Supporters specifically in the United States have looked to Tucker also mainly because his is the 1st Le Mans Prototype entry from the country in 25 years. What made him enter into the ALMS? Not just a sponsorship or a pay raise or anything other than the fact that he just simply desired to, a move that then begs the query, what’s so impressive about Le Mans Prototype cars? The answer will be, a lot-something Tucker has helped promote to a group of followers that is inundated with Nascar, Grand-Am and Ferrari more so than LMP.

The reality is, Tucker withdrew from a couple of vital races in the 2011 season as he awaited the finishing touches on a modern, cost-capped Honda automobile for the team. For Level 5, which was on a breakaway outstanding season, the vehicle had to be worth surrendering points and podium appearances. For Tucker, it absolutely was. He’d been watching updates on the automobile and made a decision it was the most impressive model available in the LMP2 class.

“The fans are important to me because ultimately, we feel the same way about competitive sports car racing,” Tucker pointed out. “Only, I get to be the one behind the wheel, and if I can share that with them, and they’re excited about it too, then that’s the best thing.”

Not that Tucker is an especially troublesome figure to rally behind. Not merely is his tale interesting and his love for the sport undeniable-his record is actually darn nice. He won his 2nd consecutive T1 division national championship for the SCCA runoffs at Road America, and in 2010, he served Ferrari as a test driver as it developed the next generation of supercar, the 599XX. In 2009, Tucker scored a single-season record of 10 victories in the Ferrari Challenge series and won the Ferrari Challenge Dealership Championship for Boardwalk Ferrari. He also won the Sports Car Club of America National Championship in a Ferrari 430.

After working his way through the Ferrari Challenge series and the Grand-Am series, Tucker, together with instructor and co-driver Bouchut, took an opportunity for Le Mans Prototype class competition and in 2010 won the LMP class championship, which knocked them up to the LMP2 class for 2011.

With drivers’ championships all but official this season for Tucker and Bouchut, the Level 5 Motorsports team continues to deliver action-packed, podium-worthy performances for its fans. Having kept mostly out of the spotlight, Tucker isn’t your regular sports hero, but that’s because he’s as much a fan of the action as he is a driver in it.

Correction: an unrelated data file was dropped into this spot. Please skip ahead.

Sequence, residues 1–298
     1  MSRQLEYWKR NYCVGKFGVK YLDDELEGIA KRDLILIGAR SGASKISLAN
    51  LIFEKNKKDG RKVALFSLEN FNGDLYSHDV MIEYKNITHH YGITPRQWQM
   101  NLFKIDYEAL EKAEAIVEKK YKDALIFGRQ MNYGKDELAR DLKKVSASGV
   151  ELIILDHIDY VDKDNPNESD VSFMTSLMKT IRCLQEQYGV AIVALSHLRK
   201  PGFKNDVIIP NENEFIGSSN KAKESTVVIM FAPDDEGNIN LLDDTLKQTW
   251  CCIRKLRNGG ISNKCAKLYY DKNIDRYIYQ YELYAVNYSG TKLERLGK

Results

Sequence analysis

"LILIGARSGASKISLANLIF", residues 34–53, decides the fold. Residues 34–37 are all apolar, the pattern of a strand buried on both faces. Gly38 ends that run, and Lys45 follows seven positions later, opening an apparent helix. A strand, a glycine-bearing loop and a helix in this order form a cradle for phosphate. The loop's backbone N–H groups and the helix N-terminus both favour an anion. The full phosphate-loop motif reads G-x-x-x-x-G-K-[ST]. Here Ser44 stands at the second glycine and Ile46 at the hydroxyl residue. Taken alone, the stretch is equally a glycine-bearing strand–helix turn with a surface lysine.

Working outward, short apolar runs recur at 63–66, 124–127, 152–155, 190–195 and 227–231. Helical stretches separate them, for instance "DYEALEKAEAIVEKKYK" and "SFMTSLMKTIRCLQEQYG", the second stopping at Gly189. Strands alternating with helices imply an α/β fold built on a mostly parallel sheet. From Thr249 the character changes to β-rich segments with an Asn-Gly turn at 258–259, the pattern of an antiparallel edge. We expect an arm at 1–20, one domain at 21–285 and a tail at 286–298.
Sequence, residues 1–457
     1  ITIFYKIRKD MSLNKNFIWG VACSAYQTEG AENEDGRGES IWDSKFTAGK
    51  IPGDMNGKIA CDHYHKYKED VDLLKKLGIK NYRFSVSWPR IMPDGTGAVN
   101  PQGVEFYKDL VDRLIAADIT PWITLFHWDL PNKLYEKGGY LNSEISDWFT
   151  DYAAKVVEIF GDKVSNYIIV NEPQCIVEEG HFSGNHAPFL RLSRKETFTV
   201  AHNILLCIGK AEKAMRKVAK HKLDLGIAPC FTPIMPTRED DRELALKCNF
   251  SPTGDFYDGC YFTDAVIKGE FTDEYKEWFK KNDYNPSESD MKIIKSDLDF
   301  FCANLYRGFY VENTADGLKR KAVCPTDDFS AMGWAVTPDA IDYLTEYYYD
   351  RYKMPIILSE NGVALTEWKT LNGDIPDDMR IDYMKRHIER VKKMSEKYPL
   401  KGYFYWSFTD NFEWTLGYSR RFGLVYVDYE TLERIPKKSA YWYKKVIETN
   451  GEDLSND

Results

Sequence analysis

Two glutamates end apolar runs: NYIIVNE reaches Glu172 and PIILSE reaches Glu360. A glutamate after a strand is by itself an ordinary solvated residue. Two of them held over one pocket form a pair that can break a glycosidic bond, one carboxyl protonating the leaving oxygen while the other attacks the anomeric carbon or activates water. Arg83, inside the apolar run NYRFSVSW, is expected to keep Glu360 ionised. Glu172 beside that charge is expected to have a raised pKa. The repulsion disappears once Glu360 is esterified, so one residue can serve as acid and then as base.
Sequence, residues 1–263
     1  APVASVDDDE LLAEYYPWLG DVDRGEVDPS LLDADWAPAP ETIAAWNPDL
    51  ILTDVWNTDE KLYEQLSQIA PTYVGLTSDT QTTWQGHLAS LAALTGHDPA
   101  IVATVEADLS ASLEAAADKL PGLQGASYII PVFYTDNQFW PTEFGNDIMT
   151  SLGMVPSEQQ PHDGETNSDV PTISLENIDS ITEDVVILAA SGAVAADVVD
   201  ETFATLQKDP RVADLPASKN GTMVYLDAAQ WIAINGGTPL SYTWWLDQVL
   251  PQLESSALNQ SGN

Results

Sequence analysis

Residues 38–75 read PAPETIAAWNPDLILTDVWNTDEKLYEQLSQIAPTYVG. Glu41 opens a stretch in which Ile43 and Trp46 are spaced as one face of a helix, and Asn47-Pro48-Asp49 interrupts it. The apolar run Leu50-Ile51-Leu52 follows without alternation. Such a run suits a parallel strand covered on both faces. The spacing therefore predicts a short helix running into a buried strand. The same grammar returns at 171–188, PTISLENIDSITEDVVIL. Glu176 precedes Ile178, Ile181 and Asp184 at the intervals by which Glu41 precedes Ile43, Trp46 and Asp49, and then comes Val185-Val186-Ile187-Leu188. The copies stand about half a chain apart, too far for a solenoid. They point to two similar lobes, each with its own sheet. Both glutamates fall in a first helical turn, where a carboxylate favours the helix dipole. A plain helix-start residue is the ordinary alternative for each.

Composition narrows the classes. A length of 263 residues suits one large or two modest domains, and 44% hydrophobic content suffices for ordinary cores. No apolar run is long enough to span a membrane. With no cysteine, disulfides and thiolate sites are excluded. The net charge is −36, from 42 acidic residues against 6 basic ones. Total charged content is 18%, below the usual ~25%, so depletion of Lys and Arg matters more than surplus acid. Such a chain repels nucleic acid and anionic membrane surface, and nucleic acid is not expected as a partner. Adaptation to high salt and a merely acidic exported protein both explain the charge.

Find more about Scott Tucker Scott Tucker .

Feb 222012
 

Scott Tucker with the exceptional Level 5 Motorsports teammates recently began the final quarter of a racing year which has included numerous podium appearances, multiple car changes, incredible accomplishments and yet still room for improvement. Tucker, owner and driver for Level 5, has been a leader to the team in spite of the rookie status he maintained just months ago. His tight, balanced driving has earned him top honors from the American Le Mans Series as Rookie of the Year and Champion Driver in 2010. His races often end with stints on the podium, and his career only has just begun.

As Tucker, his co-drivers Christophe Bouchut and Luis Diaz and team manager David Stone prepare to shut the season with all the all-important Petit Le Mans and the Ferrari International Finals, the stakes are high-the team has woven itself a reputation of excellence that is best understood by looking back at what has made 2011 a beautiful year for Level 5 Motorsports.

In January, the Level 5 team began its 2011 race schedule with the GRAND-AM The Roar before the 24 test sessions, in Daytona, Florida. Its two Microsoft Office-sponsored entries proved themselves powerful vehicles for their drivers’ talents. Throughout the final test session the No. 055 Microsoft Office BMW Riley and the No. 95 Microsoft Office BMW Riley finished 2-3. Tucker, Bouchut, Diaz and Mark Wilkins drove the No. 55 and sped through a 127.533 mph lap, just a half-second behind Starworks Motorsports Ford Riley, No. 8. Tucker also drove the No. 95, along with Ryan Hunter-Reay, Raphael Matos and Richard Westbrook. The drivers completed a lap of 127.465 mph, a time less than one-tenth of a second off of the No. 55 BMW Riley.

The Level 5 team proved its versatility as the season opened up with rule changes and a freshly paved racetrack at Daytona International Speedway. The three-day test session for the GRAND-AM Rolex Sports Car Series was an indicator of things to come for the team. All through the practiced sessions, the team gradually built momentum by developing small changes with every run, eventually building up to the point that the drivers were barely off the top speed by weekend’s end.